␣ 7 ␤ 1 -Integrin regulates mechanotransduction and prevents skeletal muscle injury

Dept. of Cell and Developmental Biology, University of Illinois, Urbana, IL 61801, USA.
AJP Cell Physiology (Impact Factor: 3.78). 07/2006; 290(6):C1660-5. DOI: 10.1152/ajpcell.00317.2005
Source: PubMed


Alpha7beta1-integrin links laminin in the extracellular matrix with the cell cytoskeleton and therein mediates transduction of mechanical forces into chemical signals. Muscle contraction and stretching ex vivo result in activation of intracellular signaling molecules that are integral to postexercise injury responses. Because alpha7beta1-integrin stabilizes muscle and provides communication between the matrix and cytoskeleton, the role of this integrin in exercise-induced cell signaling and skeletal muscle damage was assessed in wild-type and transgenic mice overexpressing the alpha7BX2 chain. We report here that increasing alpha7beta1-integrin inhibits phosphorylation of molecules associated with muscle damage, including the mitogen-activated protein kinases (JNK, p38, and ERK), following downhill running. Likewise, activation of molecules associated with hypertrophy (AKT, mTOR, and p70(S6k)) was diminished in mice overexpressing integrin. While exercise resulted in Evans blue dye-positive fibers, an index of muscle damage, increased integrin protected mice from injury. Moreover, exercise leads to an increase in alpha7beta1 protein. These experiments provide the first evidence that alpha7beta1-integrin is a negative regulator of mechanotransduction in vivo and provides resistance to exercise-induced muscle damage.

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Available from: Marni D Boppart, Jun 04, 2014
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    • "Mice created to overexpress α7 integrin specifically in skeletal muscle (MCK-α7BX2), referred to as α7Tg mice, were produced and bred in-house [26]. Overexpression of α7 integrin BX2 subunit was determined by polymerase chain reaction (PCR) analysis (primers: MCK1, 5′-CAAGCTGCACGCCTGGGTCC-3′ and AATII, 5′-GGCACCCATGACGTCCAGATTGAAG-3′) as previously described [27]. "
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    ABSTRACT: Introduction Mesenchymal stem cells (MSCs) reside in a variety of tissues and provide a stromal role in regulating progenitor cell function. Current studies focus on identifying the specific factors in the niche that can alter the MSC secretome, ultimately determining the effectiveness and timing of tissue repair. The purpose of the present study was to evaluate the extent to which substrate and mechanical strain simultaneously regulate MSC quantity, gene expression, and secretome. Methods MSCs (Sca-1+CD45-) isolated from murine skeletal muscle (muscle-derived MSCs, or mMSCs) via fluorescence-activated cell sorting were seeded onto laminin (LAM)- or collagen type 1 (COL)-coated membranes and exposed to a single bout of mechanical strain (10%, 1 Hz, 5 hours). Results mMSC proliferation was not directly affected by substrate or strain; however, gene expression of growth and inflammatory factors and extracellular matrix (ECM) proteins was downregulated in mMSCs grown on COL in a manner independent of strain. Focal adhesion kinase (FAK) may be involved in substrate regulation of mMSC secretome as FAK phosphorylation was significantly elevated 24 hours post-strain in mMSCs plated on LAM but not COL (P <0.05). Conditioned media (CM) from mMSCs exposed to both LAM and strain increased myoblast quantity 5.6-fold 24 hours post-treatment compared with myoblasts treated with serum-free media (P <0.05). This response was delayed in myoblasts treated with CM from mMSCs grown on COL. Conclusions Here, we demonstrate that exposure to COL, the primary ECM component associated with tissue fibrosis, downregulates genes associated with growth and inflammation in mMSCs and delays the ability for mMSCs to stimulate myoblast proliferation.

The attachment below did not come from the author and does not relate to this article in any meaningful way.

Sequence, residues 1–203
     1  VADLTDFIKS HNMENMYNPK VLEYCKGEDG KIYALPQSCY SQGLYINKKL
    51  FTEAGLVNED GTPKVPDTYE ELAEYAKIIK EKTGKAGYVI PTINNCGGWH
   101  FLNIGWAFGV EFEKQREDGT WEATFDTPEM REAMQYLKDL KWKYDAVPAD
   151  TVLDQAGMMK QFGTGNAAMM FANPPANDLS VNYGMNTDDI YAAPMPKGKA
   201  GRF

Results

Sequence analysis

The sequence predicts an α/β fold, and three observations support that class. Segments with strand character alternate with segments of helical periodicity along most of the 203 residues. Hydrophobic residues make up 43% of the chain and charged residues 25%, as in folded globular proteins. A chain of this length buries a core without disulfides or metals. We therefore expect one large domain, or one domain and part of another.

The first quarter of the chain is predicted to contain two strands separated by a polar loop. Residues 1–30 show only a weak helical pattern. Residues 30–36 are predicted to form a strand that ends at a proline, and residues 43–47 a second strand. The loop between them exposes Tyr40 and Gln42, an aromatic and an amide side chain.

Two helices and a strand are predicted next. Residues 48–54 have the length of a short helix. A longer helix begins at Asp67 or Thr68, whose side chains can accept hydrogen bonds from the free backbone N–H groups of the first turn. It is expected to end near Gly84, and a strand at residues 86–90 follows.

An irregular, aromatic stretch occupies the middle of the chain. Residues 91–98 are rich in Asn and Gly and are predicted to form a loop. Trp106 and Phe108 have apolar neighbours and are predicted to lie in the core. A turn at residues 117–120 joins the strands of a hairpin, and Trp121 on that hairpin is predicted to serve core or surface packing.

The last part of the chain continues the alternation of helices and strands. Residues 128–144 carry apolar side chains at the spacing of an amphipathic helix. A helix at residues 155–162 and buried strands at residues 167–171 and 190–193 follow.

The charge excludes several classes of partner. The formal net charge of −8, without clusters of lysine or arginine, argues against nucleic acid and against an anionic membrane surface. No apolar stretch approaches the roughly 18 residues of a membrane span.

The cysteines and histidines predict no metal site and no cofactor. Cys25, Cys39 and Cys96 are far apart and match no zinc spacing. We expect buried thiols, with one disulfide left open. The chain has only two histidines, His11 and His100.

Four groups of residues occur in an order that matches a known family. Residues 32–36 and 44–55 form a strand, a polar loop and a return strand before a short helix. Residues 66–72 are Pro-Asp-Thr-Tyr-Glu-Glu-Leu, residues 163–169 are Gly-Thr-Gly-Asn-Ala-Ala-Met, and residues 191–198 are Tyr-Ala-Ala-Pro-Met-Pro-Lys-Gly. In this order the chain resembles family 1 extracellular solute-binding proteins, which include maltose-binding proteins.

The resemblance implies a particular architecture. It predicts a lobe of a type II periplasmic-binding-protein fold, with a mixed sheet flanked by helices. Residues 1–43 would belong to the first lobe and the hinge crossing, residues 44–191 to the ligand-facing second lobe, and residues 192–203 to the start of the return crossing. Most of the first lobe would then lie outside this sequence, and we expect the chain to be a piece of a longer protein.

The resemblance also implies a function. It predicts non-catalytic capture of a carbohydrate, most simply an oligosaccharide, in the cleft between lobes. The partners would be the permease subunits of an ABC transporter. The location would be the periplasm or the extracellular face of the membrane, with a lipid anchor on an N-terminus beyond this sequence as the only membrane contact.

Stem Cell Research & Therapy 06/2014; 5(3):74. DOI:10.1186/scrt463 · 3.37 Impact Factor
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    • "The α7β1 integrin is a transmembrane heterodimeric protein that can link laminin in the extracellular matrix to the myoblast and myotube cytoskeleton for the purposes of cellular signaling, migration and adhesion (Crawley et al., 1997). We have previously demonstrated that a single 30 min bout of eccentric exercise can result in injury and upregulate transcription and protein expression of the α7 integrin subunit at 24 h post-exercise (Boppart et al., 2006, 2008). We subsequently determined that transgenic expression of the α7 integrin under a muscle-specific promoter (MCK:α7B integrin; α7Tg) can prevent eccentric exercise-associated damage and macrophage infiltration, while paradoxically stimulating a rapid increase in satellite cell number and new fiber synthesis (Lueders et al., 2011). "